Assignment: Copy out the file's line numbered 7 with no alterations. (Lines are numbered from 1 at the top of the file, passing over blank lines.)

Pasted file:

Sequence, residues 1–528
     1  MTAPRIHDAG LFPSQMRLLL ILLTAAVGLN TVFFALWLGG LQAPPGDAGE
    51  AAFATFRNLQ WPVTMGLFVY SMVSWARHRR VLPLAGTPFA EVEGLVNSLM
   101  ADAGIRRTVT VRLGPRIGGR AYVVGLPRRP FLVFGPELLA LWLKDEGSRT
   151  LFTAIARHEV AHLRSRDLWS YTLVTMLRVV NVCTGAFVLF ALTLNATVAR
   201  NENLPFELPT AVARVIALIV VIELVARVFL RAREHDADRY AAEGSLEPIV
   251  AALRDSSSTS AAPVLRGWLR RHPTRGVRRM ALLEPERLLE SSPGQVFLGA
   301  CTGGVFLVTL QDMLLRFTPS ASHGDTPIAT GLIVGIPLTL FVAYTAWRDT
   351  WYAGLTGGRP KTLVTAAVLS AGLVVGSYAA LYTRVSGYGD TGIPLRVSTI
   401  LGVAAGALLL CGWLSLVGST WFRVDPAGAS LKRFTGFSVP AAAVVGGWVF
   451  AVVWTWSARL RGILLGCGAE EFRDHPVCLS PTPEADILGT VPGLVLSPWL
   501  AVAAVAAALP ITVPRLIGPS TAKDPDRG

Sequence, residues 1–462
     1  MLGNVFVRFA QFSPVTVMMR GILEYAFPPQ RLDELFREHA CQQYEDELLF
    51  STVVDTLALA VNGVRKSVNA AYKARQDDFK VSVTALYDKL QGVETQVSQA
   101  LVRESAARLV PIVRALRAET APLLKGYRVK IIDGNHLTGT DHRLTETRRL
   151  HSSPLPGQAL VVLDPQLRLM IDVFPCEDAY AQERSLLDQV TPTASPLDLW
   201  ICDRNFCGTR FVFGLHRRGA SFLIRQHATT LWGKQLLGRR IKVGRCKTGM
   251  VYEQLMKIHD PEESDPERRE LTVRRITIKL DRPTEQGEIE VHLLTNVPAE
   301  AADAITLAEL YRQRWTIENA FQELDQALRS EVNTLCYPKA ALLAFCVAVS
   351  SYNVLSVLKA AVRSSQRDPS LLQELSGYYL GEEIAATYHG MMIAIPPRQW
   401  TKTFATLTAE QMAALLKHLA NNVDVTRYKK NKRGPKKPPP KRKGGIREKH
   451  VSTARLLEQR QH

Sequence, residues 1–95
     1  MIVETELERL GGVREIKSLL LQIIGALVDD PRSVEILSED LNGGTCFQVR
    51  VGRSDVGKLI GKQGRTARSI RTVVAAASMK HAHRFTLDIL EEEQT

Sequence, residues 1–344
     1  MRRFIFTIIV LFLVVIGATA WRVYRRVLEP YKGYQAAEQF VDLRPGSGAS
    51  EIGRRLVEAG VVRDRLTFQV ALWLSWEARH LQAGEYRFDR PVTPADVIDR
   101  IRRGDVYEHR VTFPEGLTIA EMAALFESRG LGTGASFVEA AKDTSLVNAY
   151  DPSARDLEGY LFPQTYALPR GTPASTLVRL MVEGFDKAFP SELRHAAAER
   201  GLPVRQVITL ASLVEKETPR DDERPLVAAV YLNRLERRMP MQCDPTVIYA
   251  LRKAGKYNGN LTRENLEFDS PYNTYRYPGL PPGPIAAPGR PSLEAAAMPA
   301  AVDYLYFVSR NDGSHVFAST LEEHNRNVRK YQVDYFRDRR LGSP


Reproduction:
   251  AALRDSSSTS AAPVLRGWLR RHPTRGVRRM ALLEPERLLE SSPGQVFLGA